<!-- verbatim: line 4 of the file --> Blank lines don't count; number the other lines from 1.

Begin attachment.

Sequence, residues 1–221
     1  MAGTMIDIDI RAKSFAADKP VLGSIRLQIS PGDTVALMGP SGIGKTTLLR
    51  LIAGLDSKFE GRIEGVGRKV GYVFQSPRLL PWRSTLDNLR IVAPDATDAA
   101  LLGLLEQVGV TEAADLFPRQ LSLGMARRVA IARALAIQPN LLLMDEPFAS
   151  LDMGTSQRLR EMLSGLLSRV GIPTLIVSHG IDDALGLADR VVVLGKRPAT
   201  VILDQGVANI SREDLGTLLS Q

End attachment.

   101  LLGLLEQVGV TEAADLFPRQ LSLGMARRVA IARALAIQPN LLLMDEPFAS